The central window of the great chamber of Fountains Hall contains a fine display of heraldic glass which dates from Sir Stephen's time. Over fifty shields of impaled arms purport to record alliances of the Procters, and of a number of other families with which it is generally believed the Procters had no connection. Beneath each shield appear the surnames of husband and wife and occasionally the Christian names of their children. It will be noticed that prominence is given to the family of Mirewray, and that in four instances members of that family are described as Mirewray alias Procter, while in the record of Stephen's own marriage, he is described as 'Stephen Procter alias Mirewraye. 'Moreover the same shield of arms, viz. argent, a chevron gules between ten crosses crosslet sable, six in chief and four in base, is given as the arms of both these families, though there is certainly no record of any grant of arms to Sir Stephen, or to any of his immediate ancestors. Who were these Mirewrays? The name is clearly a northern name, a compound of 'rnire '= marshy or boggy land, and 'wra '=corner, angular piece of land. It is much the same as Mirfield, and characteristic of the Cumberland ?E. Lancashire ? W. Riding area. Thus it is not surprising that we should come across this family in the neighbourhood of Bentham and Clapham. The earliest record we have discovered relates to the year 1231 when Adam de Mirewrae was a witness to an undertaking by Gregory de Burton to pay the monks of Furness four shillings a year (Furness Abbey Coucher Book. Vol. II, part 2, p. 481), while the following is a complete list of all the occurrences of this name we have so far been able to trace:?

    1231 Adam de Mirewrae
    1247 Hugh de Miriwra
    1250-1 Hugo de Mirewra
    1251 John de Mirewra
    1290 Ralph de Mirwra and Master Adam de Mirwra
    1301 William de Mirwro
    1305 Gilbert de Mirewra and Adam, son of John de Mirewra
    1317 Adam son of Gilbert de Mirewra and Isabella his wife
    1347 Alan de Mirewra
    1379 Gilbert de Myrewra

    The last of these is taken from the Poll Tax Return of 2 Richard II, under Bentham, and the others are all associated with this district, and with families of distinction such as the Tunstalls, Hornbys, Claphams etc. Now, how can this family, which disappears from history before the end of the fourteenth century, have any connection with the Procters? There are two possible explanations. Either a Procter married an heiress of the de Mirewras, or a de Mirewra younger son, holding an appointment as procter for the monks of Furness, in course of time adopted his title as his surname. It is significant that the name 'Procter 'did not exist as a surname in this neighbourhood until the Abbeys obtained license to lease their properties to tenants and so had to appoint procters to represent them in the Courts: this, in most cases, occurred about 1350. In the earliest lists of tenants, the surname Procter occurs frequently, and it has been widespread in the Bentham, Newby and Clapham districts ever since. Whatever the truth may be, it is evident that this is the family from which Sir Stephen believed, or wished it to be believed, that he was descended. But had this family the right to bear arms? The coat in question is given in Papworth and Morant's British Armorials as the arms of Malemayne, Malmaynes, Mereworth or Merworth, William M'Wire but Merwre Harl. MS 6137. The last of these bears such a strong resemblance to Mirewra that it is hardly an unfair assumption to regard it as merely another variant, and since Harl. 6137 refers to the Acre Roll of 1192, perhaps the earliest.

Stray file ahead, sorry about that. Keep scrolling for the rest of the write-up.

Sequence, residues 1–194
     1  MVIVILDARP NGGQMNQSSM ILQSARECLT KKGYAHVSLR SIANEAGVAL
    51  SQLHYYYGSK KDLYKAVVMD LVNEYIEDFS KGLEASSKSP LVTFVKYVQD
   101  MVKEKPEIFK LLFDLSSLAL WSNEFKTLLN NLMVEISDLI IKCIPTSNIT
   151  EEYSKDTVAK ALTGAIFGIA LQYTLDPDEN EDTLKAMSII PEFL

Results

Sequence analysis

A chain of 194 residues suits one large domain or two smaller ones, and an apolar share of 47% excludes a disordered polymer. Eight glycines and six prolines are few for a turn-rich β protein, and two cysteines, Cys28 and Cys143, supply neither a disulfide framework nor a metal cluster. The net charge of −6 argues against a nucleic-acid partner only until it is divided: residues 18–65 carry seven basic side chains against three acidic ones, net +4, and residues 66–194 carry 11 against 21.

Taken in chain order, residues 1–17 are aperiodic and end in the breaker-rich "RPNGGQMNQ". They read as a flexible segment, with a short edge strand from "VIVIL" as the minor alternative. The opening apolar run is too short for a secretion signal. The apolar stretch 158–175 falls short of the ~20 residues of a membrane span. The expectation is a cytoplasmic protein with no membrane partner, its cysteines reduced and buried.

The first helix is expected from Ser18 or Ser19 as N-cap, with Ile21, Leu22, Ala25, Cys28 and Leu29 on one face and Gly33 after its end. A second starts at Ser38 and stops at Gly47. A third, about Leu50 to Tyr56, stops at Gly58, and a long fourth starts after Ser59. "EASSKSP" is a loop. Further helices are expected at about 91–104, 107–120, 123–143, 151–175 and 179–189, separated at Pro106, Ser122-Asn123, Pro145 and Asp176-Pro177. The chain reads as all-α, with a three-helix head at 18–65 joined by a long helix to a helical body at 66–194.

- http://www.kirkbymalham.info/KMI/bordley/morkillprocter.html#

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  • Type: Creation Date
  • Date: 2 JAN 2016
  • 1 2
  • Name: Thomas Mirewray of Friarhead 3



    Father: Thomas Mirewray alias Proctor of Friarhead b: ABT 1510
    Mother: Mary Proctor b: ABT 1515 in Winterburn, Gargrave, Yorkshire, England

    Marriage 1 Grace Nowell b: ABT 1545
    • Married: in 1st wife
    • Change Date: 3 JAN 2016
    Children
    1. Has No Children Sir Stephen Proctor of Friarhead and Warsill b: BEF 4 MAY 1562 c: 4 MAY 1562 in Gargrave, Yorkshire, England, United Kingdom
    2. Has Children Elias Proctor of Warsill b: BEF 12 MAR 1564 in Warsill, West Riding, Yorkshire, England
    3. Has No Children Josias Proctor of Warsill b: ABT 1568

    Sources:
    1. Title: The Yorkshire Archaeological Journal
      Publication: Yorkshire Archaeological Society
      Type: Creation Date
      Date: 26 NOV 2016
      Author: Yorkshire Archaeological Society
      Page: Vol 61-62, Page 185
    2. Title: Baildon and the Baildons; a history of a Yorkshire manor and family
      Type: Creation Date
      Date: 14 MAY 2016
      Author: Baildon, William Paley; Baildon, Francis Joseph, ed
      Publication: [London] Priv. print. for the author by the St. Catherine press
      Page: Vol. 2, p. 240-241
    3. Title: The parish register of Gargrave, in the County of York : 1558-1812: Volume 28
      Abbrev: The parish register of Gargrave: 1558-1812: Vol. 28
      Author: Gargrave, England (Parish); Stavert, W. J. (William James)
      Type: Creation Date
      Date: 1 JAN 2016
      Page: 35